U.S. Markets closed

12 ETF Strategies to Cope with Changing Markets

This article was originally published on ETFTrends.com.

Given the current certainties and market risks, ETF investors should construct resilient portfolios to participate on any further upside and hedge the downside.

On the recent webcast (available On Demand for CE Credit), Potential ETF Strategies for Today’s (and Tomorrow’s) Markets, Sylvia Jablonski, Managing Director and Institutional ETF Strategist for Direxion and Portfolio+ ETFs, outlined a number of global elements that may influence an investor portfolio, such as the U.S. economy entering late-cycle phase, the Federal reserve moving toward monetary policy normalization, rising interest rates, building inflationary pressures, increasing dispersion amongst sectors, and changing geopolitical climate.

"If you’re an investor, you have to believe that markets generally rise over time. But of course there are from time to time, periods of high volatility. They’re relatively infrequent and short-lived," Jablonski said.

Investors will no longer experience the smooth sailing of yesteryear. John Davi, Founder and Chief Investment Officer of Astoria Portfolio Advisors, pointed out that Astoria has already implemented hedges to limit potential swings in risk assets as the year progresses.

"Without question, the easy money has been made in this cycle. Astoria hedges risk assets and increased our hedges as the year progressed," Davi said.

"We see a lot of recession checklists being produced," he added.

How to Limit Potential Risks in Overheating Economy

Consequently, Astoria has been advocating hedging and liquid alts in a diversified portfolio as a way to limit the potential risks that the economy is overheating, especially after measures like an enormous tax cut and fiscal stimulus in the late stages of an economic cycle.

"Trump’s boom or bust presidential style volatility needs to be modeled and accounted for. If anything, Trump pulls recession risks forward," Davi said.

Jablonski explained that many typically see themselves as a strategic, long-term investor, but there may be opportunity in intermediate-term, slower moving investment themes over the mid- and short-term. Consequently, she explained that ETF investors may consider solutions, depending on their situation.

For example, investors can look to a relatively new family of ETFs, called Portfolio+ ETFs, which can potentially enhance a bullish stance by providing 25% added daily exposure to popular broad-based indexes targeted by advisors. The ETFs include the Portfolio+ S&P Mid Cap ETF (PPMC) , Portfolio+ Developed Markets ETF (PPDM) , Portfolio+ Emerging Markets ETF (PPEM) , Portfolio+ Total Bond Market ETF (PPTB) , Portfolio+ S&P 500 ETF (PPLC) and Portfolio+ S&P Small Cap ETF (PPSC) . The Portfolio+ ETF seek 125% of the daily performance of their benchmark indices, which may help provide magnified returns in order to generate outperformance over time.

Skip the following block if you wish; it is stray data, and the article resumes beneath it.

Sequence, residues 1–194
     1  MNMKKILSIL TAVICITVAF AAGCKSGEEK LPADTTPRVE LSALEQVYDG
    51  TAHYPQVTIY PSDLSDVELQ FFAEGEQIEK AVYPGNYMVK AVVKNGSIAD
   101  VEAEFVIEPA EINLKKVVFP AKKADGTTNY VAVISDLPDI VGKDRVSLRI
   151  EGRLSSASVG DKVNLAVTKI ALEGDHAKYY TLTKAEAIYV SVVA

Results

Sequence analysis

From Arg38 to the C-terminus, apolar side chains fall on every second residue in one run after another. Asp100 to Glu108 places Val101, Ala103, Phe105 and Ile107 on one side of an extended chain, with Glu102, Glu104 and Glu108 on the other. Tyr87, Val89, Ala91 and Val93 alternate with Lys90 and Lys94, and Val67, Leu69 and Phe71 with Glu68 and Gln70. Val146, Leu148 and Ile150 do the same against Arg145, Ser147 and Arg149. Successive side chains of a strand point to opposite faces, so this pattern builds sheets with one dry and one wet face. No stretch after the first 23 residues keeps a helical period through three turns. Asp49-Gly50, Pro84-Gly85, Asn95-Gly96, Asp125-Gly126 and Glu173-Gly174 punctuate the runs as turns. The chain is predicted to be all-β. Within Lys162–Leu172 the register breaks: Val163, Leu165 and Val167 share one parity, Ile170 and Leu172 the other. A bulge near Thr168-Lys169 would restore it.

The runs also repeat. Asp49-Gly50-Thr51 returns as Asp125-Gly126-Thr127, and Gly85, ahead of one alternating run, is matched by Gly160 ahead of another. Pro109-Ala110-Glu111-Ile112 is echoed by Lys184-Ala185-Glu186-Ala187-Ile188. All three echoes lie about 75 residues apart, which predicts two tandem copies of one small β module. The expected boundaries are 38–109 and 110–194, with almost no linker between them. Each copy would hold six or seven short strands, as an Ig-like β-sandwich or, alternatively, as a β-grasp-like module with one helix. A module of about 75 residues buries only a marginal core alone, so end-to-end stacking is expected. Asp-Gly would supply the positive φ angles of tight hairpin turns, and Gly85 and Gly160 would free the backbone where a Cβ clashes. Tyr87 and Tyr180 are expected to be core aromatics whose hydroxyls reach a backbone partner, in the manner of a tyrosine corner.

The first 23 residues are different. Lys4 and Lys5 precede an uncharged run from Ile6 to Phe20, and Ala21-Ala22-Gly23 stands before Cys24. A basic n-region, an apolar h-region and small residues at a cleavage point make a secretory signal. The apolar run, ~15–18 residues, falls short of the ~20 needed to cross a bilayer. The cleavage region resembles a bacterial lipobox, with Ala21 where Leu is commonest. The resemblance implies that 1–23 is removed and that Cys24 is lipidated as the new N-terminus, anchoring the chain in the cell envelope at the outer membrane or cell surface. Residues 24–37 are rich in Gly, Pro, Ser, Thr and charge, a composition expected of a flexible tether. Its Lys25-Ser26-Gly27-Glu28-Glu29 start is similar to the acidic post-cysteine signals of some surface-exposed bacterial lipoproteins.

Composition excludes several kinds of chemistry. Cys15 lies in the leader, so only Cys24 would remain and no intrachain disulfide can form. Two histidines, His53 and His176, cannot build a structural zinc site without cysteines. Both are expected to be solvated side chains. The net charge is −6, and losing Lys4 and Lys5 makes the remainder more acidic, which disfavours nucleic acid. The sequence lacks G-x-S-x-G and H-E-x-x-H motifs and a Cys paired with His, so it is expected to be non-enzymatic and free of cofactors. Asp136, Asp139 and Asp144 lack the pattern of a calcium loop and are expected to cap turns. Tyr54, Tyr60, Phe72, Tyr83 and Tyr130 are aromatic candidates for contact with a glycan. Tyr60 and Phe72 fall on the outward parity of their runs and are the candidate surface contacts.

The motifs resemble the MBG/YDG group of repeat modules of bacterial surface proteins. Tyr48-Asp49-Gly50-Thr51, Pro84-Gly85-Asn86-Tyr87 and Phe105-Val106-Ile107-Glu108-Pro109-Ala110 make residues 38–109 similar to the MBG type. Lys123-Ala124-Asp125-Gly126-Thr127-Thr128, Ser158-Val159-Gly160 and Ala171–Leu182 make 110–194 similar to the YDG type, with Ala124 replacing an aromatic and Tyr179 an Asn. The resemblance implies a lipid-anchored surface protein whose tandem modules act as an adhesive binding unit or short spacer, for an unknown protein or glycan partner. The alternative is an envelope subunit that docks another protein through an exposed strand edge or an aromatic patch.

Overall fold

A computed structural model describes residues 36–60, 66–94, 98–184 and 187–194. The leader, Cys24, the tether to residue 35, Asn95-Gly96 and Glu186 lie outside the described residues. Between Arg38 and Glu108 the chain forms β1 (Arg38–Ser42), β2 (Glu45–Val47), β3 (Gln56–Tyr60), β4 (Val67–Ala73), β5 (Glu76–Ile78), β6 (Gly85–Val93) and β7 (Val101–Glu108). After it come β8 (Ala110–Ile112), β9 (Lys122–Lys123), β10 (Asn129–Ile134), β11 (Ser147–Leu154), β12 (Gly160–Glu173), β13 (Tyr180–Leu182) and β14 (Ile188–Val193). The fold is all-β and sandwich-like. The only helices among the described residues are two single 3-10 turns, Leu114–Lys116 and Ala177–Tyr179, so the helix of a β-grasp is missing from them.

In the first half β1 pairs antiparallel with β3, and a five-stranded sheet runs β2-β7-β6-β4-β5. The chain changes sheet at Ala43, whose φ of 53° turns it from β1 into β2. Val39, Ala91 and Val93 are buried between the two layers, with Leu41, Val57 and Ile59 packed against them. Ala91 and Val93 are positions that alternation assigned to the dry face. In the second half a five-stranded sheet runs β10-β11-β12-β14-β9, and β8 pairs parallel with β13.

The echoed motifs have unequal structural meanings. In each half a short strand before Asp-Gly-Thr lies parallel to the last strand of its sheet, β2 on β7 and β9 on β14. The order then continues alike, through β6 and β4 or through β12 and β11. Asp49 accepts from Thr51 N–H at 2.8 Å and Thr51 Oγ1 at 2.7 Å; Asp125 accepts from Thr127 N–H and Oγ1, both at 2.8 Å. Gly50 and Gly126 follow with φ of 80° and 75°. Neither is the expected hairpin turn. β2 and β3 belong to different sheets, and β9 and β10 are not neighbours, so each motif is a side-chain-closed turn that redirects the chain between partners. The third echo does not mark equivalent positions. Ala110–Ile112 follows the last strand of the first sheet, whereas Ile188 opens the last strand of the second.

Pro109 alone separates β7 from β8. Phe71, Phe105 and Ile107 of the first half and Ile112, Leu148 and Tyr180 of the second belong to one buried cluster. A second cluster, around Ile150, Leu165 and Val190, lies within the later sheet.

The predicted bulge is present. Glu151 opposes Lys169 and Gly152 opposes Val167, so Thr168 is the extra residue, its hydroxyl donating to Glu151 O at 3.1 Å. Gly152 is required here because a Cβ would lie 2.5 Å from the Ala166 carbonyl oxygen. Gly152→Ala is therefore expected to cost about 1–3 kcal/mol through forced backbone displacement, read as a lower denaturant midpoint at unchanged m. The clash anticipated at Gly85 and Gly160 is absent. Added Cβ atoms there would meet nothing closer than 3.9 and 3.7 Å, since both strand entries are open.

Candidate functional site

Jablonski argued that advisors can also look at leveraged and inverse ETFs to hedge rising risks in an extended bull market.

Leveraged and inverse ETFs “allow investors to gain exposure without the need for full dollar-for-dollar investment,” Jablonski said.

Investors should also keep in mind that most leveraged ETFs are designed to produce double or triple the performance of the underlying market on a daily basis. Consequently, when investors look at the long-term performance of a typical leveraged ETF, people may notice that the fund may not perfectly reflect their intended strategies.

A market without long interruptions and relative lack of volatility will help maintain positive gains in a leveraged ETF. Since the ETFs rebalance on a daily basis, compounding effects benefit leveraged ETFs in a consistently trending market. On the other hand, in times of increased volatility, leveraged ETF returns can fall behind their intended 2x or 3x strategies.

Potential leveraged and inverse ETF traders should closely monitor their positions. During highly volatile periods for a fund’s benchmark index, you will need to adjust your positions frequently to maintain constant exposure levels. During periods of lower volatility for the benchmark index, you should continue to monitor, but position adjustments will likely be needed less frequently.

The Direxion Daily Energy Bull 3X Shares (ERX) , which tracks the 300% daily performance of the Energy Select Sector Index, and Direxion Daily Energy Bear 3X Shares (ERY) , which reflects -300% daily performance of the energy select sector index, can help traders gain exposure to the swings in the crude oil industry after oil prices plunged and seek to consolidate in light of ongoing concerns over a global supply glut.

The technology sector has been among the best performing areas of the market as growth- and momentum-driven stocks lead. However, as we recently witnessed, the Direxion Daily Technology Bear 3X Shares (TECS) and Direxion Daily Technology Bull 3X Shares (TECL) could help traders ride the twists and turns in the technology sector.

Jablonski also pointed to leveraged and inverse Treasury ETFs, like the Direxion Daily 20+ Year Treasury Bull 3x Shares ETF (TMF) and Direxion Daily 20+ Year Treasury Bear 3x Shares ETF (TMV) , for short-term and long-term hedging with changes in the fixed-income landscape. For instance, a 1% rise in interest rates would be more detrimental to longer duration bond positions, so investors may implement an inverse hedge for a rising rate environment.

Financial advisors who are interested in learning more about investment strategies for today’s markets can watch the webcast here on demand.

POPULAR ARTICLES FROM ETFTRENDS.COM

READ MORE AT ETFTRENDS.COM >